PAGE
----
At Goodwille, we will keep monitoring the current situation and governmental advice regarding COVID-19, regularly updating this post. Once additional information is announced regarding how and when to apply for the grants and reliefs as described above, we will make sure to keep you updated, and support you throughout the application process.

We encourage our clients, as well as other businesses, to get in touch with our team in case you have any questions or concerns regarding your UK operations and the implications of COVID-19.

Coronavirus Job Retention Scheme

The Coronavirus Job Retention Scheme is an initiative open to all UK employers with a PAYE scheme in place for the employees. The scheme will keep employees employed by their employer but they must not undertake any work.  The government will cover 80% of furloughed workers’ wages, up to £2,500 a month. Read more about the qualifying criteria, and how it may benefit your UK business.

The government has also published a step by step guide for claiming your employees’ wages through the CJRS, which can be accessed here.

The Scheme

Employers are able to claim back 80% of furloughed workers wages, limited to £2,500 per month and employee. Additionally, the employer can claim for associated Employer National Insurance contributions (NIC) and minimum automatic enrolment employer pension contributions. Fees, commission and bonuses should not be included. Employees must be furloughed for a minimum of three weeks.

The government initially said that the scheme will remain open for a minimum of three months but the deadline has now been extended in its current form until end of July.

On 12th May, it was announced by the Chancellor that the scheme will remain open until the end of October, though under different circumstances. From the start of August, furloughed workers will be able to return to work part-time and employers will be expected to pay a percentage towards the furloughed staff’s salaries. These contributions will partly replace those made by the government, thus ensuring that employees will continue to receive 80% of their salary, up to £2,500 a month.

The application portal went live on 20th April and can be accessed here.

All UK employers are eligible to apply for the scheme. This includes not only for-profit businesses, but also charities and recruitment agencies and public authorities. The scheme requires, however, that the organisation has a UK bank account and has started a PAYE payroll scheme prior to, or the day of, 19th March. In addition, you need to be enrolled for PAYE online (this can take up to 10 days).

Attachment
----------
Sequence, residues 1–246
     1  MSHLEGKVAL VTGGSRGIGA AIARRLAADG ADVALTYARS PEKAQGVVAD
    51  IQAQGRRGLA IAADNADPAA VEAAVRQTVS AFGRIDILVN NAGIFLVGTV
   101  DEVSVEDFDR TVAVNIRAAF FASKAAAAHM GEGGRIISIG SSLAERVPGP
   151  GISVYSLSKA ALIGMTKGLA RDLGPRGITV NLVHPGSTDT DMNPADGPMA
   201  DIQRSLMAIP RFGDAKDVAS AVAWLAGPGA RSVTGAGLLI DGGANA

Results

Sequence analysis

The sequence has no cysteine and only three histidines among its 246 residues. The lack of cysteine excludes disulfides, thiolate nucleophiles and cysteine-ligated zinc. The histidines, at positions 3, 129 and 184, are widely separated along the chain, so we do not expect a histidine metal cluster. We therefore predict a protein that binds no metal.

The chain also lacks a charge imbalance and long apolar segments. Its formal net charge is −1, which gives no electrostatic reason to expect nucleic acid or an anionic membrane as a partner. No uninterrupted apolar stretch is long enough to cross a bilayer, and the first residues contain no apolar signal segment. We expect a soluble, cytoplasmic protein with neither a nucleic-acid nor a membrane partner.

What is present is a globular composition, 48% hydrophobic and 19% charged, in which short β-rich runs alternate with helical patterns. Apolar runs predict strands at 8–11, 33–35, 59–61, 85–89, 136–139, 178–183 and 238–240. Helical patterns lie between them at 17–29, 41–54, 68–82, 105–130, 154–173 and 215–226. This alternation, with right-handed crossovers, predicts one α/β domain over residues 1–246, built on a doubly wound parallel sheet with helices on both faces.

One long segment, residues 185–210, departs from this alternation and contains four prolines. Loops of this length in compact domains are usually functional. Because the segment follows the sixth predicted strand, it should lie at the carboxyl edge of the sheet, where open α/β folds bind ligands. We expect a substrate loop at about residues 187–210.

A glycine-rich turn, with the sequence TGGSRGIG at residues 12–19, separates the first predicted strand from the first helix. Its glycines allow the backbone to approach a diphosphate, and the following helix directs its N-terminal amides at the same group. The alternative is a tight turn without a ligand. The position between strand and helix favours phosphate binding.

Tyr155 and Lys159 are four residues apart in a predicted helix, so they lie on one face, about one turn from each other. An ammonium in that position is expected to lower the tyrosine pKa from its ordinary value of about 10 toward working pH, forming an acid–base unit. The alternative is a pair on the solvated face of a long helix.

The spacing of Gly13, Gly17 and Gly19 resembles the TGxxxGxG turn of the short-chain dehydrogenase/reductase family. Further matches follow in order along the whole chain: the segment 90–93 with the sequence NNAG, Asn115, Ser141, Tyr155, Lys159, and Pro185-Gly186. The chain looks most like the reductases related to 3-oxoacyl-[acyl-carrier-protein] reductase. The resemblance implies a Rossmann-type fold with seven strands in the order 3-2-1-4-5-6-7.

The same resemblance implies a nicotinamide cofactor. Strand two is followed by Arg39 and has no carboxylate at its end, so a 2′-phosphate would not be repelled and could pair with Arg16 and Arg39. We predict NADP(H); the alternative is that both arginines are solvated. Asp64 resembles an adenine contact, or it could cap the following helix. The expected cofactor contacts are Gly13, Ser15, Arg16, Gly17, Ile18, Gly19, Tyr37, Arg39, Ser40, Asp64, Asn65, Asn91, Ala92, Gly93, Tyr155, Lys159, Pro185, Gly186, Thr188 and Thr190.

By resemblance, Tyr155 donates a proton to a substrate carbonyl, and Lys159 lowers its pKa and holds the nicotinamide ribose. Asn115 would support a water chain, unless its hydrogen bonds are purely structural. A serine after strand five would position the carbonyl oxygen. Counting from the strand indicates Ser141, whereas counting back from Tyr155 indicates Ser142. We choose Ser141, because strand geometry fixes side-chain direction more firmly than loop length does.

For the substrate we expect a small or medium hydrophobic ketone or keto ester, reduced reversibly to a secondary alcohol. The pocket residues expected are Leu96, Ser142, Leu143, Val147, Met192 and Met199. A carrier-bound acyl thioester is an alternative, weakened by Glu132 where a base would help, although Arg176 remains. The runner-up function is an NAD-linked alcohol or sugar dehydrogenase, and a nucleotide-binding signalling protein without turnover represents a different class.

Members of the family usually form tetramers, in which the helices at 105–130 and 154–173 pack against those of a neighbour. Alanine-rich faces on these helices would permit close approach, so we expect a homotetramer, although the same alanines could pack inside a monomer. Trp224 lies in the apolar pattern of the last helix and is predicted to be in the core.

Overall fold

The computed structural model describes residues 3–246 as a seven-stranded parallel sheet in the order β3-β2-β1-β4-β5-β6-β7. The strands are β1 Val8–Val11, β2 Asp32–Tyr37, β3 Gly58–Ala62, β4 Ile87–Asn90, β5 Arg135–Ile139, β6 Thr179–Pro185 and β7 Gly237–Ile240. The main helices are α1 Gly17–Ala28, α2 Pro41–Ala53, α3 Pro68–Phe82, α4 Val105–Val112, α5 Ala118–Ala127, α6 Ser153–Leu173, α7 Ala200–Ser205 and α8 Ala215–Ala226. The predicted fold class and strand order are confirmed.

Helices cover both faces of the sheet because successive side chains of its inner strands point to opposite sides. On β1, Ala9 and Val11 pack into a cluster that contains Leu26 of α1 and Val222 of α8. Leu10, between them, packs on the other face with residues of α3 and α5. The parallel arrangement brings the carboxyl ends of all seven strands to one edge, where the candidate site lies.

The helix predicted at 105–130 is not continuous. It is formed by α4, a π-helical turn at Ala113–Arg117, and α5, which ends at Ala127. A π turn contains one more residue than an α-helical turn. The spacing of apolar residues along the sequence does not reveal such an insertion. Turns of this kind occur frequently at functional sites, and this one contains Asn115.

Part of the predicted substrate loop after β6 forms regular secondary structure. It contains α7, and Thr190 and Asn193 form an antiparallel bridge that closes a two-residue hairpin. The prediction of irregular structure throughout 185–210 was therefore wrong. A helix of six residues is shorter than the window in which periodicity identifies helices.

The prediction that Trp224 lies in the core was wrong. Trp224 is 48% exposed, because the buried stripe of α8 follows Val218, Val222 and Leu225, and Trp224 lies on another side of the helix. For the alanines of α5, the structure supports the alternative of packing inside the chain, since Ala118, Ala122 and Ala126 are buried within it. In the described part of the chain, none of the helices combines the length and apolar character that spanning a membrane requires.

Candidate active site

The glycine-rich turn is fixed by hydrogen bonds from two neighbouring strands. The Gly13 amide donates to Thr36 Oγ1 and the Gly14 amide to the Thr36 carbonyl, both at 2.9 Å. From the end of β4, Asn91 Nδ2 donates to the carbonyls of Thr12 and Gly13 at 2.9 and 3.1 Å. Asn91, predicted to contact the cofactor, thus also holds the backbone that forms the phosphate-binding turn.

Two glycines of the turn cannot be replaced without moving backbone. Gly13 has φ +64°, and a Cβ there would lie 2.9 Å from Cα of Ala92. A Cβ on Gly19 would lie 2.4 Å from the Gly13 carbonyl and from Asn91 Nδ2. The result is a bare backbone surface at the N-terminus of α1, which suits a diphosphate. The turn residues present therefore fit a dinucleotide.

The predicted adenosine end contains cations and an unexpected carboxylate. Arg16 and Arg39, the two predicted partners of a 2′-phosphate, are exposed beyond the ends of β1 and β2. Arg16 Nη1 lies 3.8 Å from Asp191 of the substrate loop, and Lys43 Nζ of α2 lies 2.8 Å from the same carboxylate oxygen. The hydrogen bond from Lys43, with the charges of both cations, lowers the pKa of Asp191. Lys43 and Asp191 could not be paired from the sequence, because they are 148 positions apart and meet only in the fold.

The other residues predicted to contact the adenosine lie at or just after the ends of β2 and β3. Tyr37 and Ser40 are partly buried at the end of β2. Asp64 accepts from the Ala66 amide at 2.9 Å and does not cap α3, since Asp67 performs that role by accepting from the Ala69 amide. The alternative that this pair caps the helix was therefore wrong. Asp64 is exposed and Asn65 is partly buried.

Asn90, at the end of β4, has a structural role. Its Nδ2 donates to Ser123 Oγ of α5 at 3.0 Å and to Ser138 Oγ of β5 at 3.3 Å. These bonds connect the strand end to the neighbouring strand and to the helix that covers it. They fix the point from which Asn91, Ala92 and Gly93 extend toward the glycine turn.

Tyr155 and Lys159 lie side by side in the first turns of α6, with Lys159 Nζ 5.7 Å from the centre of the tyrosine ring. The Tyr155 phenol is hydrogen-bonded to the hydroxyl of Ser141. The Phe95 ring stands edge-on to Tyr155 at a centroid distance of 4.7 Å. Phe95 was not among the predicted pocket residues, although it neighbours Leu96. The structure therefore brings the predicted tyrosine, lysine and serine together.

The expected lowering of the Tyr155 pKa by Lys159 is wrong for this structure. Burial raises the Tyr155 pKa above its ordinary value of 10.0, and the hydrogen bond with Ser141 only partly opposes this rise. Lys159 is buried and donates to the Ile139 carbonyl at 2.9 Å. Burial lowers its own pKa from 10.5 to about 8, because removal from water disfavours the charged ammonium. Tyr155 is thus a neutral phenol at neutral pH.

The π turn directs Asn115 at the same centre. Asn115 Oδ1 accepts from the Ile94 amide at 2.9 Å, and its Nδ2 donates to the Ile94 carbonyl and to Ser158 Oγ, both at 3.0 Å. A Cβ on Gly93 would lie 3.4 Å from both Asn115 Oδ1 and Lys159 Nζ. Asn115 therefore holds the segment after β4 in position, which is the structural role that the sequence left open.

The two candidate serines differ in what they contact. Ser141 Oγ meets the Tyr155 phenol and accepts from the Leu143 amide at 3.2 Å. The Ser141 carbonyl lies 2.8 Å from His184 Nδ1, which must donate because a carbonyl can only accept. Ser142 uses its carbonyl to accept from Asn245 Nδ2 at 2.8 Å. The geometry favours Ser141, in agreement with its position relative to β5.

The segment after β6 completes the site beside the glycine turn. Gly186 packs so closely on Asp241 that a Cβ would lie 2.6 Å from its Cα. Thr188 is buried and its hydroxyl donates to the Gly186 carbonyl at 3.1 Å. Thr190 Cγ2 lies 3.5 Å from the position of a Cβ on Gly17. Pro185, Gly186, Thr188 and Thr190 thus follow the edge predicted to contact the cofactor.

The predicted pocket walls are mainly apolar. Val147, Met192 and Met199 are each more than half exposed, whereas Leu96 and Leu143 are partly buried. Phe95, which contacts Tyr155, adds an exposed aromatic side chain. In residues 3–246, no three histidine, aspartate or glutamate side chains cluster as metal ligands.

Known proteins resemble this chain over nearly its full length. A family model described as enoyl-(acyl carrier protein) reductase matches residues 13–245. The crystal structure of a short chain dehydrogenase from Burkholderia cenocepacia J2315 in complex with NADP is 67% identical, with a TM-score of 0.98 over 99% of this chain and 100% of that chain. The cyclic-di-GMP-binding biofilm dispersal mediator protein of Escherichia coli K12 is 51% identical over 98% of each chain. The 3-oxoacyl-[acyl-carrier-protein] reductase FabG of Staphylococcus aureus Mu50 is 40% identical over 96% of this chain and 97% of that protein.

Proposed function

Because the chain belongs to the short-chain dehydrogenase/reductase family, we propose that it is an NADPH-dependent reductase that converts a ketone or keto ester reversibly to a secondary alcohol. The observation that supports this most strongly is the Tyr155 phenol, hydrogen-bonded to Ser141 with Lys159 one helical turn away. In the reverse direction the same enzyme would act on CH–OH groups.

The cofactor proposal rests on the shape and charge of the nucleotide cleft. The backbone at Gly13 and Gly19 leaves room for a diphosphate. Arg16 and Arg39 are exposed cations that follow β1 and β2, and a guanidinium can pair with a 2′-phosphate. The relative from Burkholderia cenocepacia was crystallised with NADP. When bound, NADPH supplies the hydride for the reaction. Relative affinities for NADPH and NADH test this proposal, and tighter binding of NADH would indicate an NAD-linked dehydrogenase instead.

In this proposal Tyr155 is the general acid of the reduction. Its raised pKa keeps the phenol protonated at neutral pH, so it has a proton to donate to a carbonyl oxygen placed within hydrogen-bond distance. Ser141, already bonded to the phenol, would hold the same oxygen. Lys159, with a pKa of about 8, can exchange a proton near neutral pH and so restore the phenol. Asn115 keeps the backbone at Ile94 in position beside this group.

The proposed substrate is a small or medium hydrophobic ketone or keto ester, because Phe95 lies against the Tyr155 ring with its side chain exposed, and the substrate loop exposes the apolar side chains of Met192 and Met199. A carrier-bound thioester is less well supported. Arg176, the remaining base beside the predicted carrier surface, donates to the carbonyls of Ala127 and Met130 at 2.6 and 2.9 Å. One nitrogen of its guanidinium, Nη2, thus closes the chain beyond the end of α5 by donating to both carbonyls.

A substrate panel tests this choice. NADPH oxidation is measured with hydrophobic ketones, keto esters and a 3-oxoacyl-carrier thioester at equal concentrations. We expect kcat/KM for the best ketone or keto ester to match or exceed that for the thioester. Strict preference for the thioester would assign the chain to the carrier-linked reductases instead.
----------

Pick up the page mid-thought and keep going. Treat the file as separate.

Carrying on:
About The Employees

Any type of employment is eligible, though the furloughed employees must have been on the PAYE payroll prior to, or on the day of, 19 March 2020. The employee cannot undertake any work for the organisation, thus, the scheme does not cover employees who are working on reduced hours or reduced salary contracts due to the current crisis.

Examples of type of employees you can claim for:

  • Full-time employees
  • Part time employees
  • Employees on agency contracts
  • Employees on flexible or zero-hour contracts
  • Rehired employees who were made redundant since 28 February.

Foreign nationals are also eligible to be furloughed.

Please see more detailed guidance on different types of employees on this page.

No, employers are not enforced to furlough all employees. When choosing who to furlough, the usual equality and discrimination laws will apply.

The government recommends that any changes made to employment contracts should be discussed and done in consent with employees.

Short term illness/ self-isolation should not be a consideration in deciding whether to furlough an employee. The Coronavirus Job Retention Scheme is not intended for short-term absences from work due to sickness, and there is a 3 week minimum furlough period.

If, however, employers want to furlough employees for business reasons and they are currently off sick, they are eligible to do so, as with other employees. In these cases, the employee should no longer receive sick pay and would be classified as a furloughed employee.

Calculating the Claim

You are entitled to claim 80% of the employee’s salary before tax as of 28 February, non-inclusive of fees, commission and bonuses and with a maximum amount of £2,500. See detailed guidance on how to calculate the wages here.

National Insurance and Pension Contributions

You are also entitled to claiming back the associated NIC and minimum automatic enrolment employer pension contributions from the HMRC, both which you are still liable to pay. Note that you cannot claim for:

  • additional National Insurance or pension contributions you make because you chose to top up your employee’s salary
  • any pension contributions you make that are above the mandatory employer contribution

The calculation differs depending on how long the employee has been employed.

Employees whose pay varies and were employed from 6 April 2019

If the employee has been employed continuously from the start of the 2019 to 2020 tax year, you can claim the highest of either:

  • 80% of the same month’s wages from the previous year (up to a maximum of £2,500 a month)